The recent election of Rep. Kevin McCarthy as Speaker of the House of Representatives brought out the use of the latest buzz phrase for the left; it seems that just about anything done by anyone other than Democrats is now called a “threat to democracy.”
We first saw this phrase used after the Jan. 6 demonstrations, where a group of unarmed trespassers wandered around the U.S. Capitol building, mostly taking selfies to show that they had been there. They were wrong, they were in violation of the law, and they had no business being there, but they were hardly a threat to the country or its form of government.
The latest threat to democracy being decried by the left and their complicit media arm is the series of stipulations forced upon the new speaker by a group of conservative Republicans before they would agree to vote for him. Anyone taking the time to read the list of demands made by these “radicals” would have a hard time finding anything in them that threatens anything but the way things have been done in Congress for far too long.
Much of the list of the alleged threats are simple rule changes that insure more transparency to what the House does. For example, legislative documents must be made electronically available to the public, and all votes of the House Rules Committee must be made public. Additionally, any charges or indictment of members of Congress must be reported by the House Ethics Committee within 30 days, and the general public must be allowed to make ethics complaints against House members.
Many of the demands are designed to try to put a stop to runaway government spending. For example, the national debt can only be increased with specific legislation to do so, and debt limit increases cannot be tacked on to other legislation. New appropriations must be subject to limits on spending increases, and the House cannot pass any new spending without corresponding reductions in existing spending. Additionally, any new legislation must be accompanied by an estimate of its economic effects.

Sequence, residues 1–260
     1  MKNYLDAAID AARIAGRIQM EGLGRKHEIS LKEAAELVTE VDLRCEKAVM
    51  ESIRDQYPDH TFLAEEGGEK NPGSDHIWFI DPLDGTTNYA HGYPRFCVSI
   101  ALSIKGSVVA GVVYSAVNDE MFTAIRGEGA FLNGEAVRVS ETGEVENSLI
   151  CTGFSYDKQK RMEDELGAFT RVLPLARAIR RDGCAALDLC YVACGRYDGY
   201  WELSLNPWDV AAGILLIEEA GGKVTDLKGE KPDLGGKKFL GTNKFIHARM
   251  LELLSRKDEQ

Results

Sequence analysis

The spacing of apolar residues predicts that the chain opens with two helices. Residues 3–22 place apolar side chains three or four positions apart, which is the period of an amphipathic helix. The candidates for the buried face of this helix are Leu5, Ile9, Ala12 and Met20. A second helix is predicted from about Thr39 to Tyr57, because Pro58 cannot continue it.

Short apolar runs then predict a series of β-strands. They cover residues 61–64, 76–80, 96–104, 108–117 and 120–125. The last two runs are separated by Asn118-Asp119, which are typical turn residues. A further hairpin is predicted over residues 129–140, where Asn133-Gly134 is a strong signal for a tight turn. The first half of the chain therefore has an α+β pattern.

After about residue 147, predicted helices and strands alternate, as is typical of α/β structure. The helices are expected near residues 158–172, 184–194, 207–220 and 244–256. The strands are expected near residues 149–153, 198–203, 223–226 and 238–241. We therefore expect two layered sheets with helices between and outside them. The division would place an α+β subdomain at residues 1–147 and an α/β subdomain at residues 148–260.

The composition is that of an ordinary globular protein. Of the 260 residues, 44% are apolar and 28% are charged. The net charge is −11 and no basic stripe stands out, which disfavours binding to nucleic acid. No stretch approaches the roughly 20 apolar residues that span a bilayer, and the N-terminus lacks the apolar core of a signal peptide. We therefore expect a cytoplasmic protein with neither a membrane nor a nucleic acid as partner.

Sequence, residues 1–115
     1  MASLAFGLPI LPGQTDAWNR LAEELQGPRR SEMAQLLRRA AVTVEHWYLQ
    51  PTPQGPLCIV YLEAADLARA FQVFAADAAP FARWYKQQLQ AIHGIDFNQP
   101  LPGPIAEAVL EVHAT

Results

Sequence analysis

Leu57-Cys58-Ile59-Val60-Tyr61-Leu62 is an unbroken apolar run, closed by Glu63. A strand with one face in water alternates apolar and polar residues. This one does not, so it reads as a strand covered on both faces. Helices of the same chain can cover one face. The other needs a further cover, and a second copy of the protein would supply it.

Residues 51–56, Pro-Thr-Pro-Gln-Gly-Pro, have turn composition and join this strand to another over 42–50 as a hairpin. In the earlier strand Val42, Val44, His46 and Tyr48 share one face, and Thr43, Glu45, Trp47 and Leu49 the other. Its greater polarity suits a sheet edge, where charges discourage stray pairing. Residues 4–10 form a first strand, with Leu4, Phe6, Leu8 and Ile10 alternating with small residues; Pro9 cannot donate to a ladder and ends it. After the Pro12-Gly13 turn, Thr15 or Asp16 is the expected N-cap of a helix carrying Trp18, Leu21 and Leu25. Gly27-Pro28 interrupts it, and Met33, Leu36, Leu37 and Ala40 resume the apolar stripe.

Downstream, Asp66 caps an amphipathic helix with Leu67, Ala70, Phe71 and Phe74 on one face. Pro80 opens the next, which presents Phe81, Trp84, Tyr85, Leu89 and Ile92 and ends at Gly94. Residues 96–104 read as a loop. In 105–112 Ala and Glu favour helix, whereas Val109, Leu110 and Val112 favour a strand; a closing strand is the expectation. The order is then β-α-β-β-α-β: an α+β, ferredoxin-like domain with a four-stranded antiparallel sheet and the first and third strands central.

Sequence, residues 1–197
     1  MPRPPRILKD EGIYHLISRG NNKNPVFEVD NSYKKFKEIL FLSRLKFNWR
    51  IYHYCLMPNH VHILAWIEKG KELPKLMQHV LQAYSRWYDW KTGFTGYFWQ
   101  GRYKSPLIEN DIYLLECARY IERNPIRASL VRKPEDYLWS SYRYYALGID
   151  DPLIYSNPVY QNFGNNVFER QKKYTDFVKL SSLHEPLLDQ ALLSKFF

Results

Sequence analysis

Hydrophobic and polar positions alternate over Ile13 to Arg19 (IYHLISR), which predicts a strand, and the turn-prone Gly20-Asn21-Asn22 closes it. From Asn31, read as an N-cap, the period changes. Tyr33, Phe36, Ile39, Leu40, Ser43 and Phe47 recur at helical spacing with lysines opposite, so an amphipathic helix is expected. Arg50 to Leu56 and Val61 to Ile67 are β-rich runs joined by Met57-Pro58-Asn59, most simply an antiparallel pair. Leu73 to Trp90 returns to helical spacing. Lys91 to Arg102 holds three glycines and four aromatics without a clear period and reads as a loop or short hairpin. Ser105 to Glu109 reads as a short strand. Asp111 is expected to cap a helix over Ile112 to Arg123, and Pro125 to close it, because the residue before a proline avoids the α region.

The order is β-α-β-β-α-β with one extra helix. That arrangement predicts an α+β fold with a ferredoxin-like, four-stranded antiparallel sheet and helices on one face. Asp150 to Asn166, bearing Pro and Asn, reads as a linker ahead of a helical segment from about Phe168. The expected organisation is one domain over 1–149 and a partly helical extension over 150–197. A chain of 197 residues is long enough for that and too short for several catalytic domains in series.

Several of the stipulations deal with the way the House conducts business, which has been a questionable area for some time. In order to eliminate the “now that this legislation has passed, we will have to read it to find out what’s in it” philosophy that the House has been operating under, House members must have at least 72 hours to examine any new legislation before a vote can be held. Additionally, votes can no longer be called less than two minutes apart, and members must be notified of any votes to be held in rapid succession.
Possibly one of the most important stipulations is that any bills to increase taxes will require a three-fifths supermajority vote.
The list also calls for a subcommittee to be formed to investigate the government’s handling of the Coronavirus epidemic.
If you can see anything in the above stipulations that threatens our democracy, then your vision differs greatly from mine, which still tests at 20/20. The list appears to include only one provision that might cause a problem for the smooth operation of government — the stipulation that any House member can call for a motion to vacate the speaker’s chair. Opponents of it believe that it may cripple the House by creating constant battles over removal of the speaker simply because one member has a disagreement.
On the other hand, easier removal of the speaker might have been a good thing for the country during the iron-fisted reign of Nancy Pelosi, who rarely let anything sensible come to a vote.
Regardless of the outcome, the words of 19th century lawyer Gideon John Tucker will probably still be true: “No man’s life, liberty or property are safe while the Legislature is in session.”